New Legislation Aimed at Reducing Commercial Truck Accidents

Posted by Jeremy Rosenthal | Nov 07, 2016 | 0 Comments

An August 2016 report discussed an Obama administration proposal that would require the installation of a speed controlling device on “big-rig” trucks. These devices would limit the maximum speed (MPH) that these commercial trucks can reach. The measure endorsed by the Transportation Department's National Highway Safety Administration (NHTSA) and Federal Motor Carrier Safety Administration (FMCSA) would set the maximum speed at somewhere between 60 and 68 miles per hour. A spokesman for the NHTSA explained how each small incremental reduction in speed equates to a significant decrease in the force of impact when these semi-trucks are involved in a collision.

Some traffic and safety experts believe that the program would reduce the volume of crashes involving large trucks. In fact, the FMCSA says that large commercial trucks and buses accounted for nearly 4,000 traffic fatalities in 2014 and that speeding, in general, takes roughly 1,000 lives annually. This rule was originally introduced back in 2006 but failed to gain much traction. If the measure is approved this year it is likely to take effect in 2018; however, having devices that effectively integrate and are compatible with the dozens of makes and models of these vehicles on the road could prove challenging.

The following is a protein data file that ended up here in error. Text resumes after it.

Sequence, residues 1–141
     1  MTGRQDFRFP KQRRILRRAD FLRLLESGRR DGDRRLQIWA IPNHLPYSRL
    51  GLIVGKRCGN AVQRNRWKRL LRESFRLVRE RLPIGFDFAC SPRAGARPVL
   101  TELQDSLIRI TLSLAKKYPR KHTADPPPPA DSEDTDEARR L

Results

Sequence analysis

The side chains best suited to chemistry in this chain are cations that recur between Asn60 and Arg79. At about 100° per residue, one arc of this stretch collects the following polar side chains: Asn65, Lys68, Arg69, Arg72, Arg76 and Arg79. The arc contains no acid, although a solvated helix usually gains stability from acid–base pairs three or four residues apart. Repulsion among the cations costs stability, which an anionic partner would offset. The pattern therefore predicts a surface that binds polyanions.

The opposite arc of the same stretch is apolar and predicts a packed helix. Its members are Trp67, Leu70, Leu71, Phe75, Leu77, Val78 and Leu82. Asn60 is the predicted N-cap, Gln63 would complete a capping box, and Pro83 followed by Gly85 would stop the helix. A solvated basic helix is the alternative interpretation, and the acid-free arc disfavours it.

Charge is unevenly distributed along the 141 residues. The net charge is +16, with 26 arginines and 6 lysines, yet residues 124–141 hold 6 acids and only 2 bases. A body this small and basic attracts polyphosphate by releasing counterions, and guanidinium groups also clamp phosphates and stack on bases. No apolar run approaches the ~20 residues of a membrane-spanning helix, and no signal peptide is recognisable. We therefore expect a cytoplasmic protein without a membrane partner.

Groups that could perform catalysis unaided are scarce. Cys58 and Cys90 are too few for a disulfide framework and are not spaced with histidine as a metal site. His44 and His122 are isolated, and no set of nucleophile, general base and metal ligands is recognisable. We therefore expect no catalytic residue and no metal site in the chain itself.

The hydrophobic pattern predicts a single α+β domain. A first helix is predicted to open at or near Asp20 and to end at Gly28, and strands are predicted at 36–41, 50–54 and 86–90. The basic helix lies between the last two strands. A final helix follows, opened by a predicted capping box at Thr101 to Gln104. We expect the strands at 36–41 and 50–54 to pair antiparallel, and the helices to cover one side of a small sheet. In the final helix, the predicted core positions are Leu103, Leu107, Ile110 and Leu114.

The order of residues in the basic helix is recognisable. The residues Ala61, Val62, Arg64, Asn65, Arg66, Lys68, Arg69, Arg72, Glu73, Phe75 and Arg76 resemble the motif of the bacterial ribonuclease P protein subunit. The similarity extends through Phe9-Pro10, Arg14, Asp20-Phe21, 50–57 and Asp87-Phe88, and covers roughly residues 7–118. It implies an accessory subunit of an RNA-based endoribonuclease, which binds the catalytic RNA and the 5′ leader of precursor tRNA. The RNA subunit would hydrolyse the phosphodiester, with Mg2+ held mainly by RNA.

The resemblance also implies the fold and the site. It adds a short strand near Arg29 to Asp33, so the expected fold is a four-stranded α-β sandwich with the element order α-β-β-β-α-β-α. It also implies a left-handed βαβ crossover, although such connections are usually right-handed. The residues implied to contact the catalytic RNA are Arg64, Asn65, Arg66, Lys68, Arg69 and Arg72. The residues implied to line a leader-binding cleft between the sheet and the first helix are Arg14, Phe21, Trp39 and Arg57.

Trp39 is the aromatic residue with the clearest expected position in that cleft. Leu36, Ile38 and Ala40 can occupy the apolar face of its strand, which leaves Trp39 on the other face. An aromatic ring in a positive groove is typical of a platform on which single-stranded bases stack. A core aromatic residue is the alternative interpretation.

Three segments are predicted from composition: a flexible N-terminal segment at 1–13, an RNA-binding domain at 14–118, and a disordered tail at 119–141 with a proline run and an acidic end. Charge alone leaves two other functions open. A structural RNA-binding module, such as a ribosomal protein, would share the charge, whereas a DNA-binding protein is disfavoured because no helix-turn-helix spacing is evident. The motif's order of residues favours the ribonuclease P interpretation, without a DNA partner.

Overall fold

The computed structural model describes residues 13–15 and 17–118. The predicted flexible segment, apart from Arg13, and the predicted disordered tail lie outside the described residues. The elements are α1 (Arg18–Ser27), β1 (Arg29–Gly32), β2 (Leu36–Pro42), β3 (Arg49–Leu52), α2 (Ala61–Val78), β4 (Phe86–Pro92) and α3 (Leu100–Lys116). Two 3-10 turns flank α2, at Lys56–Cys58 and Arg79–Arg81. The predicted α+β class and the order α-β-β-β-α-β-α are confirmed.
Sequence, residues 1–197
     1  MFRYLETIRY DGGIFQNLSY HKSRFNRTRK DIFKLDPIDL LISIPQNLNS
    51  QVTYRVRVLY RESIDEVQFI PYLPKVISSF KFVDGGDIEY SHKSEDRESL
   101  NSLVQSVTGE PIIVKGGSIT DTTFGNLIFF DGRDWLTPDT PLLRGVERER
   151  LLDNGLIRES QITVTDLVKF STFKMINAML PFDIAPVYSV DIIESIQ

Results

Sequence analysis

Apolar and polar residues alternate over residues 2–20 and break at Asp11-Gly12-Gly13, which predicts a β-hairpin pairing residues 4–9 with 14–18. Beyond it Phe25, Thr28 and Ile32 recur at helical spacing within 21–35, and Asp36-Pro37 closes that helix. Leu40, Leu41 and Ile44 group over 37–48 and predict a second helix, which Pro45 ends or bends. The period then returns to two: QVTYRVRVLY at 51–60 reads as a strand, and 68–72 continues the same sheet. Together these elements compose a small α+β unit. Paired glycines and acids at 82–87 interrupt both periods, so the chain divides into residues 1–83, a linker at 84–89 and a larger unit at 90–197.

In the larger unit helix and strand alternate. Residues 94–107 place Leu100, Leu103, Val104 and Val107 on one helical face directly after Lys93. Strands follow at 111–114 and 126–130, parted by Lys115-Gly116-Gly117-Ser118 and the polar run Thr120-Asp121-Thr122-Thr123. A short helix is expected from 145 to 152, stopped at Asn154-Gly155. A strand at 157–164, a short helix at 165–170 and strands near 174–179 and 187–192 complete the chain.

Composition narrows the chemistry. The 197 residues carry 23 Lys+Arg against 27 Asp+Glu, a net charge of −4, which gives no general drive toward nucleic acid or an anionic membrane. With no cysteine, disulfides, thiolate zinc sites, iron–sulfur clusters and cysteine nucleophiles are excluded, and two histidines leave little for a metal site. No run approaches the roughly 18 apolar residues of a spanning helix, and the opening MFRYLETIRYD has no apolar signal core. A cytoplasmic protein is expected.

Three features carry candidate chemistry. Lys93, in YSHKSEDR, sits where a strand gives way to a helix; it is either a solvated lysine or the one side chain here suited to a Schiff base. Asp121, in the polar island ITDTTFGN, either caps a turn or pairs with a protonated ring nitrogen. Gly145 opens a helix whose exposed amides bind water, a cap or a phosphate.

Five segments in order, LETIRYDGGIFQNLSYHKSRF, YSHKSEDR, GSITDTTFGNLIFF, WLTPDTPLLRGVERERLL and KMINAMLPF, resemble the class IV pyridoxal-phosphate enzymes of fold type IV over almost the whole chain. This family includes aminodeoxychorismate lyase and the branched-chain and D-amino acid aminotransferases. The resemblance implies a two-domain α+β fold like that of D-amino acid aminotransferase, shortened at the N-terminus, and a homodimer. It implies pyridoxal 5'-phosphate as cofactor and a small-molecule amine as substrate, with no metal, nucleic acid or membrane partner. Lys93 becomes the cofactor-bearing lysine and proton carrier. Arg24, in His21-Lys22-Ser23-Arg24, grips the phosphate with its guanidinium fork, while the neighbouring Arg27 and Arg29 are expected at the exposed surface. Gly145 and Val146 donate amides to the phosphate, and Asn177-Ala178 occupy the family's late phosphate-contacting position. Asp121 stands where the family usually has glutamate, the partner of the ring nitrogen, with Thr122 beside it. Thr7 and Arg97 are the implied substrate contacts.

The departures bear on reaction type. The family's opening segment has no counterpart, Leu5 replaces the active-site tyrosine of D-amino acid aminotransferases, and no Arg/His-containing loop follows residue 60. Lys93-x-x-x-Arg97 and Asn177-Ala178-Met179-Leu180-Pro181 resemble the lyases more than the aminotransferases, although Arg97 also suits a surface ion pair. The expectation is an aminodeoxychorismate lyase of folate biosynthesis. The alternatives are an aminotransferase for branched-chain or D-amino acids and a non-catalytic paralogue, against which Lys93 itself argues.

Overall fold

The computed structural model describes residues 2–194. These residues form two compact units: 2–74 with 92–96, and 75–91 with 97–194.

Trucking Industry Feedback

This proposal would apply to vehicles that weigh in excess of 26,000 lbs., which includes big rigs, waste hauling vehicles, dump trucks, some larger buses, and industrial trucks. The motor carriers who own the vehicles would assume the responsibility for maintenance of these speed reduction units. The program has been endorsed by the American Trucking Association (ATA), the industry's largest trade association, and many of the largest national and regional trucking companies. The ATA acknowledged that according to their research and testing, that these speed limiting products do enhance safety, as well as improve fuel economy. The ATA reports that 23% of truck crashes are attributed to excessive speed.

Speed Correlates to Fatalities

The Insurance Institute for Highway Safety explained how since 1995 states have gradually been increasing their speed limits. They estimate that tens of thousands of fatalities are a result of this trend in increased speed limits. In 2014, there were over 9,000 deaths that were attributed to excessive speed, which equated to approximately 28% of the deaths from crashes. They estimate that if the speed limits were capped at 60mph across the US that approximately 300 lives would be saved annually.

The Law Firm of Jeremy Rosenthal is a Colorado personal injury firm that has the thorough knowledge of cases involving auto accidents. Car and truck accidents in the greater Denver area often result in devastating consequences. This is why you should contact the office today and take strong legal action in defense of your rights.

About the Author

Jeremy Rosenthal

Attorney Jeremy Rosenthal is dedicated to helping his clients seek just compensation for their injuries regardless of the lengths he has to go to or the distances he may have to travel in order to get it.


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